BRA, Stan Johnson Broker $13M Sale of Steward HQ From Bulfinch to RJ KellyOctober 19, 2015
WESTWOOD—Despite an amped up search using Oklahoma brokerage firm Stan Johnson Co. teamed with homegrown Boston Realty Advisors, a local investor has beat out heavy competition from a national stage to acquire Steward Healthcare System’s regional operations center at 30 Perwal St. The $13.0 million deal gives RJ Kelly Co. of Burlington a stabilized, net-leased building totaling 101,000 sf being peddled by Bulfinch Cos. less than three years after acquiring it from Campanelli for $9.5 million.
Parties involved in the transaction were unavailable to discuss the matter as of press deadline, but a market source tells Real Reporter the deal was consummated late last week. RJ Kelly is a family owned real estate company active in New England, with the firm earlier this year buying another Route 128 office building, that 100 Quannapowitt Pkwy. in Wakefield purchased for $31.0 million in a JLL-listed endeavor that closed in February.
The BRA contribution was overseen by Capital Markets leader Jason S. Weissman and Senior Partner Jeremy A. Freid , SIOR, along with Senior Partner Adam T. Meixner and Nicholas M. Herz, head of the debt and equity finance practice group. Stan Johnson Co. used Joseph P. Odom plus Senior Director Camille Renshaw, CCIM, Director Britton Burdette and Associate Director David Bailey.
Thirty Perwal St. has had an eventful decade after spending the previous 20 of its 45 years as a user-owned office and research building occupied by Analog Devices. Campanelli acquired it vacant from that technology firm in Sept. 2010 for just $3.8 million and did a speculative overhaul of the structure prior to signing Steward Healthcare to a longterm commitment. The asset was then traded to Bulfinch in Dec. 2012, with President Eric Schlager at the time praising the quality of the building, stable cash flow and location in an improving Route 128 South submarket.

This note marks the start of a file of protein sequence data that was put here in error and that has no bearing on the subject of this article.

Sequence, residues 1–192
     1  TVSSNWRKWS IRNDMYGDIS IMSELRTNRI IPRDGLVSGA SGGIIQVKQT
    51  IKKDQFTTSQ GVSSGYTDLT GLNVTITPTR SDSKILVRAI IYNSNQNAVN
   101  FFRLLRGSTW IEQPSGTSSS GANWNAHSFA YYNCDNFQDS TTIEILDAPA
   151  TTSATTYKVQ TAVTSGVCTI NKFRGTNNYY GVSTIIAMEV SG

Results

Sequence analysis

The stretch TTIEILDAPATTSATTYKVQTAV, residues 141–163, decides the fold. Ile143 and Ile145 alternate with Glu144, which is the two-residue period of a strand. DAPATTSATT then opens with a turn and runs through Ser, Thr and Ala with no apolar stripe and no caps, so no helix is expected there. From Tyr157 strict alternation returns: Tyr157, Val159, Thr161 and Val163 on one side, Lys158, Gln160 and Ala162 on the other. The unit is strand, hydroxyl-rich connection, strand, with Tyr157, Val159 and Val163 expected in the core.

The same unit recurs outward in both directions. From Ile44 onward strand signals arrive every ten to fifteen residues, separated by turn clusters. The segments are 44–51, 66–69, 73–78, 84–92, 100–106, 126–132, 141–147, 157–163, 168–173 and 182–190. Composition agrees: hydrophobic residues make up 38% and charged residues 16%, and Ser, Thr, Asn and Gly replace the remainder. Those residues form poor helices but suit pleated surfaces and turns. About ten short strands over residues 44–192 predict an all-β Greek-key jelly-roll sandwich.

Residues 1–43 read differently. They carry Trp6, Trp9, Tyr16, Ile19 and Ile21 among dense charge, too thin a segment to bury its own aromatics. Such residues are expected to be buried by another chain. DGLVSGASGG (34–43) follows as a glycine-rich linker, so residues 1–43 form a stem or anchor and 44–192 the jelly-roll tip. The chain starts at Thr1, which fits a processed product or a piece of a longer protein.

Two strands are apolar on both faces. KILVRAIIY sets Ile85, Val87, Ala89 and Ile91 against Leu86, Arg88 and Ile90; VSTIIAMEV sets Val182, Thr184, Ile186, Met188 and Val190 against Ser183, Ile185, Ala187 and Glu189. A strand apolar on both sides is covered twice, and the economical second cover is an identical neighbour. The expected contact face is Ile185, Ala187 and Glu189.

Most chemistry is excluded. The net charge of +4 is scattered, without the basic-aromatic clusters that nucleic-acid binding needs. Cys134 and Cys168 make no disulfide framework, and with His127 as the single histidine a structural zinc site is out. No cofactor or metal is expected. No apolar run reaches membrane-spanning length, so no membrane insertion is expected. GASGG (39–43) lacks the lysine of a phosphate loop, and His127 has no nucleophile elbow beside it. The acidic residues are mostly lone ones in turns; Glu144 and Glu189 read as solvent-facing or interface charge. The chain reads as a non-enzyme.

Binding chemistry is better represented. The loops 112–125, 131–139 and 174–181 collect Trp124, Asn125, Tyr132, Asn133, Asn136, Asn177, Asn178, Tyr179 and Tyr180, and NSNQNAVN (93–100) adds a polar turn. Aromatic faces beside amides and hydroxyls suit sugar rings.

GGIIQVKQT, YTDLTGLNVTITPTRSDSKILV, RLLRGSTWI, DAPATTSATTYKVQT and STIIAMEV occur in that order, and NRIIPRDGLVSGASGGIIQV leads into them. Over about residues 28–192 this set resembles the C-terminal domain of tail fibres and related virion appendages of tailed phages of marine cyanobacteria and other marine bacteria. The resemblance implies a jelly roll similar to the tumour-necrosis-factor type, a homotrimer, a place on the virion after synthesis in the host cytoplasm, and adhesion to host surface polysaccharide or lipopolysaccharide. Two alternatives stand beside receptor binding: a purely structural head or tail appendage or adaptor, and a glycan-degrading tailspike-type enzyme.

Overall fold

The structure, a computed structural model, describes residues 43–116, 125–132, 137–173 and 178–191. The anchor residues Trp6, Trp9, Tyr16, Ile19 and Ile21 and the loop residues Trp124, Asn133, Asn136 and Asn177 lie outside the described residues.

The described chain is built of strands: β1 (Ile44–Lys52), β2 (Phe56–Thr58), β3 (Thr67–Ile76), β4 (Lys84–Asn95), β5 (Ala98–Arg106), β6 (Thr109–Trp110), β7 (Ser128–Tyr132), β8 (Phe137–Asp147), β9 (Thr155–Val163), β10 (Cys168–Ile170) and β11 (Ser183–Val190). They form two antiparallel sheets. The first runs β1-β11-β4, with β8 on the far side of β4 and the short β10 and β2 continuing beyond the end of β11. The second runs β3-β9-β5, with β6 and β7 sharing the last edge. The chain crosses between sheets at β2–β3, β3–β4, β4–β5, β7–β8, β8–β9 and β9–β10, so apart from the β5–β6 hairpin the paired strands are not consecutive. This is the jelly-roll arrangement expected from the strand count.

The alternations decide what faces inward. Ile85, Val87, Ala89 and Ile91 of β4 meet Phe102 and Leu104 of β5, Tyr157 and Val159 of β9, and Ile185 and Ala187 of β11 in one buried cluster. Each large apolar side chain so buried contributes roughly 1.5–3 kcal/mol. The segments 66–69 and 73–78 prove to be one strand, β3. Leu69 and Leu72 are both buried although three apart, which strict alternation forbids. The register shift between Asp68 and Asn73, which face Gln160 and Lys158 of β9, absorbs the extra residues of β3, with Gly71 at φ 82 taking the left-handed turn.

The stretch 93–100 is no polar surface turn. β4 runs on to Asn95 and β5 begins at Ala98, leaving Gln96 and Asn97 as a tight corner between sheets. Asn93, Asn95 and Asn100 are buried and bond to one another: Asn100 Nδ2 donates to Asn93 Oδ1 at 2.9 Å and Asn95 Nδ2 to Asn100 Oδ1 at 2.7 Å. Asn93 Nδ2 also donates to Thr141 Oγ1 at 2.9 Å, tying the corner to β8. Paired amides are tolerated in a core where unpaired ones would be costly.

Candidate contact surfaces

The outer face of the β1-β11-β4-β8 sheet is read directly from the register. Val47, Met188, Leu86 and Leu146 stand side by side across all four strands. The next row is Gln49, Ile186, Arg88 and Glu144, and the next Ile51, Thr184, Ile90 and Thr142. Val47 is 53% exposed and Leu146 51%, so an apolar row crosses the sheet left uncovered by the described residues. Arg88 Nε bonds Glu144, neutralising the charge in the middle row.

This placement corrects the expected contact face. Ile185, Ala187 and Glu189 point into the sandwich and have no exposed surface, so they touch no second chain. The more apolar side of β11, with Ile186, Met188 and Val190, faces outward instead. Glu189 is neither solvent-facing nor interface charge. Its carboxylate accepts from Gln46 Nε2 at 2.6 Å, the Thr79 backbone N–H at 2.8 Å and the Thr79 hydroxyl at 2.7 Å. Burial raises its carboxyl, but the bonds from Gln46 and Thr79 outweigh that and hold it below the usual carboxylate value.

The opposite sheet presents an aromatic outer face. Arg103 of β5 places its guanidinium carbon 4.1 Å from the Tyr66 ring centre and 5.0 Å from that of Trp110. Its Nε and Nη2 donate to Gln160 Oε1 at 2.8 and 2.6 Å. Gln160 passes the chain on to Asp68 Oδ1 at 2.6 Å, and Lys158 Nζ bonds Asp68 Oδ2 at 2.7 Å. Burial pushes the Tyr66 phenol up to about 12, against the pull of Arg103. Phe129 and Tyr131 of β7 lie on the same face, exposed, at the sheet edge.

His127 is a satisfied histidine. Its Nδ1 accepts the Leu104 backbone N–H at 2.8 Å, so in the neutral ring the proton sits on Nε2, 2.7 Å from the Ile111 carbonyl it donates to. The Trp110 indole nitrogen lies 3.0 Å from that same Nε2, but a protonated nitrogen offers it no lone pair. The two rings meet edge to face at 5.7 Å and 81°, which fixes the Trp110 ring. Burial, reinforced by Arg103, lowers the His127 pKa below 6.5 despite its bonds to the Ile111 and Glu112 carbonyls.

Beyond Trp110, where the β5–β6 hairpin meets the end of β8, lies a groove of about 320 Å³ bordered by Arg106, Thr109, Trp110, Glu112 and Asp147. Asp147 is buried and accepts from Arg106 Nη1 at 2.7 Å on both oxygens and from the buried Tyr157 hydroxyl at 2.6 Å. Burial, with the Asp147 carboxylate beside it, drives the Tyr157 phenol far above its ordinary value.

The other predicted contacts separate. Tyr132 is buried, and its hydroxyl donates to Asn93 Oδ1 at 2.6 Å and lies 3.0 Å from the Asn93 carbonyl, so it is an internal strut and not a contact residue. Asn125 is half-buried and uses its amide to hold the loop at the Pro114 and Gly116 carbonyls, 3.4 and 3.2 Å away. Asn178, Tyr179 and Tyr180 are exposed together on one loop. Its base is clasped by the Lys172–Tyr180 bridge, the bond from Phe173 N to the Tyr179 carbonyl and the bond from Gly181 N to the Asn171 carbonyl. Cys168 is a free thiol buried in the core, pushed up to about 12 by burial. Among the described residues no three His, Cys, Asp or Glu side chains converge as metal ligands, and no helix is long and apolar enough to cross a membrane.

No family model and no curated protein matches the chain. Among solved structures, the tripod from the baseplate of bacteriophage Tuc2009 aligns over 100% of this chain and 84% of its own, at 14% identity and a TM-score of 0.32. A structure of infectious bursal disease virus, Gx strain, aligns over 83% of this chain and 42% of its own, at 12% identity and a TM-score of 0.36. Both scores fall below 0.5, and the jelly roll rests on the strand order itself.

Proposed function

Johnson Co., a specialist in single-tenant net leased real estate that has been expanding its role beyond the Midwest. “They have been cranking,” Freid says of the company while noting that BRA has a policy of welcoming co-brokerage arrangements if it provides greater exposure to an asset. “If the client says ‘I want to this to get exposure with every national player’, we are going to make sure that we (facilitate) their request,” he says. In February, for example, BRA’s multifamily practice joined forces with JLL’s team to co-broker a Wakefield apartment complex for the Richmond Cos., that a $25.3 million result for 114 apartments.
As it turns out, the Westwood property was scooped up by a peer of the Bulfinch Cos., both longtime members of the metropolitan Boston real estate community, as is Campanelli, a Braintree-based firm which has launched a platform targeting value-add opportunities such as that presented in Westwood. RJ Kelly has crafted a similar strategy that also owns other core product including a major office tower in Providence acquired three years ago for $51 million. Along with patriarch Richard J. Kelly, the company’s leadership includes sons Brandon D. Kelly and Scott R. Kelly, with industry veteran Rick Griffin the firm’s director of acquisitions.
One of RJ Kelly’s strengths is a legacy in the construction industry that enables the firm to be hands-on in real estate projects. It appears the organization has little to address at 30 Perwal St. for the time being, however, given the lengthy triple-net lease, and one observer says that was the attraction of the Westwood asset—the passive nature of the deal.
An investor “is buying something like that for the credit of the tenant,” says that market professional who speculates the Campanelli renovations and diverse economy in the area were further factors in creating a national competition for the building. “It’s a good package all put together,” says the source, and while RJ Kelly is hardly cashing out its fortunes, with an active buying platform, that expert says the single-tenant net leased climate is hot right now because many owners are looking for a passive place to put their capital after harvesting a business or property.